A. They provide quantitative concentrations of specific substances or their metabolites in the specimen.

B. They have high specificity and sensitivity.

C. They test for a broad range of substances or their metabolites.

D. They require a trained technician to perform the test and interpret the results.

E. They can identify specific drugs within drug classes.


10. One measure of a drug test's reliability is sensitivity, which is the test’s ability to reliably detect the presence of a drug or metabolite at or above the designated cutoff concentration.

A. True

B. False


11. Confirmatory tests do not require high specificity.

A. True

B. False


12. Screening tests are manufactured to be as sensitive as possible, while minimizing the possibility of a false positive result. In other words, these tests are primarily designed to:

A. Indicate if a drug is present in the specimen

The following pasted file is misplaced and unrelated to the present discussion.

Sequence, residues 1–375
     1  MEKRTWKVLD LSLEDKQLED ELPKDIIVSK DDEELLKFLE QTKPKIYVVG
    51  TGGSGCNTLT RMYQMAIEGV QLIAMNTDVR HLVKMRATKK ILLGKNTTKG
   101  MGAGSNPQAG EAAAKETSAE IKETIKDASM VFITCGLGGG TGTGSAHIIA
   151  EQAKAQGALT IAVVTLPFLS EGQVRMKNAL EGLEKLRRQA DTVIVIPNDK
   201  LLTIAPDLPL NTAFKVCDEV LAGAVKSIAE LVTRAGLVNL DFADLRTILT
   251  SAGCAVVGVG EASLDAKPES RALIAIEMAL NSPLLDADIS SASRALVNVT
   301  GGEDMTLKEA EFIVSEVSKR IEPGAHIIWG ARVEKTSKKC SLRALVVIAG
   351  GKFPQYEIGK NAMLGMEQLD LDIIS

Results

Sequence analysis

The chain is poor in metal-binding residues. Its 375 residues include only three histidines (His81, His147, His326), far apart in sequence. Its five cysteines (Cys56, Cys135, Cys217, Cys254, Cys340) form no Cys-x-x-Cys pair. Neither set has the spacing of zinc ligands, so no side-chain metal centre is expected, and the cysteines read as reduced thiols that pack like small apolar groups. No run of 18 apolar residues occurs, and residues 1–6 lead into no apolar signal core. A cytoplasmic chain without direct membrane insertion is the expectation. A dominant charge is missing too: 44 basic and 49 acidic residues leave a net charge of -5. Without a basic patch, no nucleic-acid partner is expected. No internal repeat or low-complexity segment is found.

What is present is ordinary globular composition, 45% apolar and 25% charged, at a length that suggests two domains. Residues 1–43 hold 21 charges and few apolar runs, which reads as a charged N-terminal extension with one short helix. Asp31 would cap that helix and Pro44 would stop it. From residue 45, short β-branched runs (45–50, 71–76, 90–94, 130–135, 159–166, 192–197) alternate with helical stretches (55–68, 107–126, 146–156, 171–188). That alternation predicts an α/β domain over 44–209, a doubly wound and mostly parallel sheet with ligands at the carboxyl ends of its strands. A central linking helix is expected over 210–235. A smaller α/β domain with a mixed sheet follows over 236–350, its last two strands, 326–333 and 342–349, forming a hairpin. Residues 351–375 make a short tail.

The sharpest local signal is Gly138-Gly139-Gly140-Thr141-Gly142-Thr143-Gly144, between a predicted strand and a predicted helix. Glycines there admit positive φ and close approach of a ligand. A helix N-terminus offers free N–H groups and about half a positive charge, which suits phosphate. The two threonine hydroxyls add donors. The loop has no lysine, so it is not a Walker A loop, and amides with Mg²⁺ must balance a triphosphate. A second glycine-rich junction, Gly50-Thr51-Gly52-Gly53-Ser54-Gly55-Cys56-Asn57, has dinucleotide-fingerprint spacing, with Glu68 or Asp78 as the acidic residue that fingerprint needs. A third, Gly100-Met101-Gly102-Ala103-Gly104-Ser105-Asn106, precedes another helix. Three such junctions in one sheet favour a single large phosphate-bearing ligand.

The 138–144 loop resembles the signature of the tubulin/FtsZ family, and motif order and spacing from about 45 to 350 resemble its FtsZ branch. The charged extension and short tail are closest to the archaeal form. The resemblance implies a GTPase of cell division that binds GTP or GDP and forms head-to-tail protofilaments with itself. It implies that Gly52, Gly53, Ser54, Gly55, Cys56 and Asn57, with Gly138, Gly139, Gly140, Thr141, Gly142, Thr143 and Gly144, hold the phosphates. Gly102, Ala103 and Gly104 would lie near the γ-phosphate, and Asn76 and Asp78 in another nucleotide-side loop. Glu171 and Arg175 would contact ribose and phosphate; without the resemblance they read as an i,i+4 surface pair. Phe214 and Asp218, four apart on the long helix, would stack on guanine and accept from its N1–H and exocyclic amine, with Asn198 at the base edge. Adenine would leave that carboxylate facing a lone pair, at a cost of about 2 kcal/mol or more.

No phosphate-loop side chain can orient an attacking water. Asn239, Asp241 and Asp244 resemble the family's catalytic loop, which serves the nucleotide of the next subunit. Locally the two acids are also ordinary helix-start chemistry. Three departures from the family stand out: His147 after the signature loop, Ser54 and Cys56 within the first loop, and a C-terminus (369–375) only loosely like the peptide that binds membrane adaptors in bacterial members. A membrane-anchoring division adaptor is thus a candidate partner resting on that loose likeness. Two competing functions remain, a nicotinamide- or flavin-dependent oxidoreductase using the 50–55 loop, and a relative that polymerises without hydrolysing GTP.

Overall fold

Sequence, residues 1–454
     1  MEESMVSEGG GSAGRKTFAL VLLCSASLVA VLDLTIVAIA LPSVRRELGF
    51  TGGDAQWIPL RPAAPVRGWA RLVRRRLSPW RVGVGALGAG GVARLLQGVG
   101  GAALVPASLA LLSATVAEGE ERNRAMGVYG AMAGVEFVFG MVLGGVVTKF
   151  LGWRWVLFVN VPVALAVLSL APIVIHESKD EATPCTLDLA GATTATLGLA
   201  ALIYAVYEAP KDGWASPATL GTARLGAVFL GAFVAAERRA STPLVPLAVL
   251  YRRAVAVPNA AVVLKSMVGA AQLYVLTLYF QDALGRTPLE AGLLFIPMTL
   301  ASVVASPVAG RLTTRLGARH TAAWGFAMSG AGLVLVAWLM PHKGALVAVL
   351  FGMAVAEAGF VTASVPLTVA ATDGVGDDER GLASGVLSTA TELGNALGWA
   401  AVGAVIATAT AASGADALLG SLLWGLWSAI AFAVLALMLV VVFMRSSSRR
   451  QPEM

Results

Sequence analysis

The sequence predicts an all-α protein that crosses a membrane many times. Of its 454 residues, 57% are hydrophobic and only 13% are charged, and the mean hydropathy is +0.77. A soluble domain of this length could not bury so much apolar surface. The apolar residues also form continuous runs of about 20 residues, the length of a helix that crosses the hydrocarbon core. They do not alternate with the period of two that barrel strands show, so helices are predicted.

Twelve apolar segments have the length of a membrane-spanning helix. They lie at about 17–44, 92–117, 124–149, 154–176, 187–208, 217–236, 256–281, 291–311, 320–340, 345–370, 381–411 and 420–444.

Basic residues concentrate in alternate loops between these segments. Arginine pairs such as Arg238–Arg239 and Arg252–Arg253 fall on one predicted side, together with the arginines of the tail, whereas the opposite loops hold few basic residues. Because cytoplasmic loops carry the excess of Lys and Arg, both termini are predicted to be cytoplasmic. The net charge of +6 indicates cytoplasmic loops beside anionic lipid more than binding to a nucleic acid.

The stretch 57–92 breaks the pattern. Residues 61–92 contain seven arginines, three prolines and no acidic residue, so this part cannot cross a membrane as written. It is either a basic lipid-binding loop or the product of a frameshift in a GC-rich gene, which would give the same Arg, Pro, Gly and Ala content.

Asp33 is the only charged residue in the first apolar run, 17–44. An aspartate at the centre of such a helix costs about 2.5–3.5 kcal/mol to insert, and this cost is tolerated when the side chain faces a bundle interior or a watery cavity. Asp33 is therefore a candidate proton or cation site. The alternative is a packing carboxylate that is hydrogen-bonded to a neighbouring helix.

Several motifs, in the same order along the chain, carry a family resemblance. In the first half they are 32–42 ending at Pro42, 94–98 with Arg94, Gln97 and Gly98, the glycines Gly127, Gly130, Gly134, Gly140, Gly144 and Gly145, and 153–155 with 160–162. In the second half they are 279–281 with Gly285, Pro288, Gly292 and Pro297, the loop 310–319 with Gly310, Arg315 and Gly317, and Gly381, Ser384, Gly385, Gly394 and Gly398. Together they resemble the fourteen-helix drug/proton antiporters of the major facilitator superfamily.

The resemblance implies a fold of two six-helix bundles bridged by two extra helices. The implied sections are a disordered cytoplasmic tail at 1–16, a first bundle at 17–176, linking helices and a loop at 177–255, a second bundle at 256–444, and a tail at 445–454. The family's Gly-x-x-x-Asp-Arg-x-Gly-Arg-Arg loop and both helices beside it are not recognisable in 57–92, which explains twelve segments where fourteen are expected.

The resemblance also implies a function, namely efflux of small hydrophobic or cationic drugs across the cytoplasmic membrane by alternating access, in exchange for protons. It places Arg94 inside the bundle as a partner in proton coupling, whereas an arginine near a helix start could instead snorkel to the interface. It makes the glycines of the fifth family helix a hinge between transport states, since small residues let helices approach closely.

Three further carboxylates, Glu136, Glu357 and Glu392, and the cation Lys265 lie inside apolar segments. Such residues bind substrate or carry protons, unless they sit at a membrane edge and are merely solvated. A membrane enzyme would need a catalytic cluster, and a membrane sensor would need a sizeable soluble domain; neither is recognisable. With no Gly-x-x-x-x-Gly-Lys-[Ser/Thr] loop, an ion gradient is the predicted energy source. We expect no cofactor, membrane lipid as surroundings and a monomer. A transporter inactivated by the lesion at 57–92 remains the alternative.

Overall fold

B. Avoid all possibility of a false positive

C. Look for cannabinoids and cocaine metabolite


13. The window of detection, also called the detection time, depends on several factors. Which of the following is not one of them?

A. Chemical properties of the substances the test is being performed for

B. The insensitivity of the test

C. Individual metabolism rates and excretion routes

D. How the substance is administered, how often it's used, and amount of the substance ingested


14. Which of the following statements is not true?

A. All biological matrices may show the presence of both parent drugs and their metabolites.

B. Drug metabolites last a much shorter time in the body longer than do the parent drugs.

C. Blood and oral fluid are better suited for detecting a parent drug.

D. Urine is most likely to contain a drug’s metabolites.


15. Federal cutoff concentrations are not appropriate for clinical use.

A. True

B. False


16. Some over-the-counter decongestants, such as pseudoephedrine, register a positive drug test result for amphetamine. This is an example of:

A. An inaccurate window of detection.

B. Testing after the window of detection has closed.

C. Cross reactivity


17. A drug test panel is:

A. A panel of clinicians that determines Federal Mandatory Workplace Drug Testing levels.